Post-intervention assessments and outcome ascertainment

After study visits, peer counselors supplement the intake data by completing an out-take data collection form assessing whether or not participants received the LinkUP intervention, the time taken, whether the participant agreed to receive a COVID-19 test(s), and their rapid test results and vaccination referrals. These data are shared through record linkage between OnPoint and the La Frontera parent study team to confirm study outcomes. Record linkage will also be conducted with CDPH’s COVID-19 database based on electronic health records of participants providing a release of medical information to confirm the results of COVID-19 PCR tests (if and where subsequent COVID-19 testing was done elsewhere over six months of follow-up) and whether participants received COVID-19 vaccines, including the vaccination types, dates, and numbers of doses (over six months of follow-up). Finally, record linkage will also be used to record any subsequent COVID-19-related hospitalizations or deaths.

Sample size and planned data analyses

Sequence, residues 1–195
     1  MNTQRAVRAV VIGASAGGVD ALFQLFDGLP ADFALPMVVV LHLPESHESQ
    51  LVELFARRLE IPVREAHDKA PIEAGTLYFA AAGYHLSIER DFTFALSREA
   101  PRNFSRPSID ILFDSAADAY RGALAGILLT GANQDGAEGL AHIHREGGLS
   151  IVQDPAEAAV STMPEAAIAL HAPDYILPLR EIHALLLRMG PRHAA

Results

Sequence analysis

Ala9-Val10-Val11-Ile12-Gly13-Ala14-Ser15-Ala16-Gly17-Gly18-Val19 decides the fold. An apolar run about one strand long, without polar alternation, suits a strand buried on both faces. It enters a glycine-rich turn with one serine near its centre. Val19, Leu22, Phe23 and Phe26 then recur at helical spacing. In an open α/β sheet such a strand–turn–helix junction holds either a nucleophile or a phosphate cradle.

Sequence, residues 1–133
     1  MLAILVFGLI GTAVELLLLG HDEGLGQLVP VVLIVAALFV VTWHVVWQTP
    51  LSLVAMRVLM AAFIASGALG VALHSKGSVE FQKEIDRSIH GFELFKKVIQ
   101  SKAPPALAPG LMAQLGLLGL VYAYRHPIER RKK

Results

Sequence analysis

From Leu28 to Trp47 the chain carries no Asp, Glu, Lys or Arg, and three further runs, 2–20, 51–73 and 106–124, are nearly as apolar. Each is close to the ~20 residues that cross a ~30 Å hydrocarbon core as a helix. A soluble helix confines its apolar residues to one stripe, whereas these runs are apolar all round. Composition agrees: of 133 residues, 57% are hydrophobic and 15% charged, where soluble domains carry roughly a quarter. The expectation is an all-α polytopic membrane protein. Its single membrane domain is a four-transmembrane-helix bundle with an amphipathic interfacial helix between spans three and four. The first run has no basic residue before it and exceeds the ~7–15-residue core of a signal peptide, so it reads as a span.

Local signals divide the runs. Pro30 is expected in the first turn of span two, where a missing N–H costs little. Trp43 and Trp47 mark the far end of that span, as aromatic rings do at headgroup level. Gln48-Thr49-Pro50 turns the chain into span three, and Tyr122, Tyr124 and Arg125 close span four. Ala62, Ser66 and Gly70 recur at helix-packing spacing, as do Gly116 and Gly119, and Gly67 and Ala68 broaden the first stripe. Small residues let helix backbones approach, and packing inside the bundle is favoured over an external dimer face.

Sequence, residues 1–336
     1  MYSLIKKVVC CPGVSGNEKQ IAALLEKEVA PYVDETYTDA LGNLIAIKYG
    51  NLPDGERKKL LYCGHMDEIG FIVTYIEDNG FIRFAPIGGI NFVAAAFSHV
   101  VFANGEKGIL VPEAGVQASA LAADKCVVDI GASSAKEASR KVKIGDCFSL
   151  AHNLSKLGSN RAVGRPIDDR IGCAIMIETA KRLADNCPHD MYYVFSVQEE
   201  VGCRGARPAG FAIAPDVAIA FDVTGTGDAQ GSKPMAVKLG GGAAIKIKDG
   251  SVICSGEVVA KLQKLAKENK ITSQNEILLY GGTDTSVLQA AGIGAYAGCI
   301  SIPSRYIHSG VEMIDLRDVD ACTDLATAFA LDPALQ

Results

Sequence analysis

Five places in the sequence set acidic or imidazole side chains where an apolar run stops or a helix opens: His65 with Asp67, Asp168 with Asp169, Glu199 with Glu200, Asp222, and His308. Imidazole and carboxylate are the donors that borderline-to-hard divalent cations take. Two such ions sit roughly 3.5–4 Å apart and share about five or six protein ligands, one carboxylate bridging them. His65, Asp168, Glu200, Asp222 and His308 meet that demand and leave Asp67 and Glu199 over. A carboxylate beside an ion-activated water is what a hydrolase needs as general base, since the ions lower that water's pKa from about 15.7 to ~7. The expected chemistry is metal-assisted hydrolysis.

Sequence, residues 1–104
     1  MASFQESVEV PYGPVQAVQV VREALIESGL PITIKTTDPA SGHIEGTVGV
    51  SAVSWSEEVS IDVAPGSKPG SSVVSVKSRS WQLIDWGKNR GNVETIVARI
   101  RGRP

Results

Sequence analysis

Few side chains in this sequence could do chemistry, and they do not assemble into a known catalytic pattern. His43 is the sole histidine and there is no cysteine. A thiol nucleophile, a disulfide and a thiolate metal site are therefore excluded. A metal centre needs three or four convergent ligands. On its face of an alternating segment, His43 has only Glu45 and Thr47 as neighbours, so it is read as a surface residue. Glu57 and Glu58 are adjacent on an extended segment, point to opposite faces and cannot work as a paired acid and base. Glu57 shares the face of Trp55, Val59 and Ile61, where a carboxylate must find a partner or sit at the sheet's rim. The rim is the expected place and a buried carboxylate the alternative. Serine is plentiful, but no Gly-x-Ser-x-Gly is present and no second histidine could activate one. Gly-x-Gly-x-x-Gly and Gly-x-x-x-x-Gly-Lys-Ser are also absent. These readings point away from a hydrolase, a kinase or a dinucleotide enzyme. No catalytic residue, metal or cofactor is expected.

We anticipate enrolling 150 participants into the LinkUP pilot trial, which will provide adequate precision for effect size estimates but is not powered to assess efficacy. We will conduct an intent-to-treat (i.e., per-randomization) analysis following CONSORT guidelines [45]. We will compare socio-demographics across the two study arms and if any significant differences are found we will be controlling for potential confounders and study locations in all subsequent analyses. To obtain effect sizes and standard errors, percentages along with 95% CIs for those who (a) underwent COVID-19 testing onsite or within 6 months of the intervention and (b) had ≥ 1 COVID-19 vaccine dose within 6 months of the intervention, respectively, will be calculated for the two study arms. We decided upon a 6 months’ time frame for assessing outcomes after discussing this issue with our CSAB members, who felt that some participants might delay their decision to be vaccinated, but still be influenced by the intervention for this period of time. In previous intervention studies, intervention effects waned after 6 months [46, 47].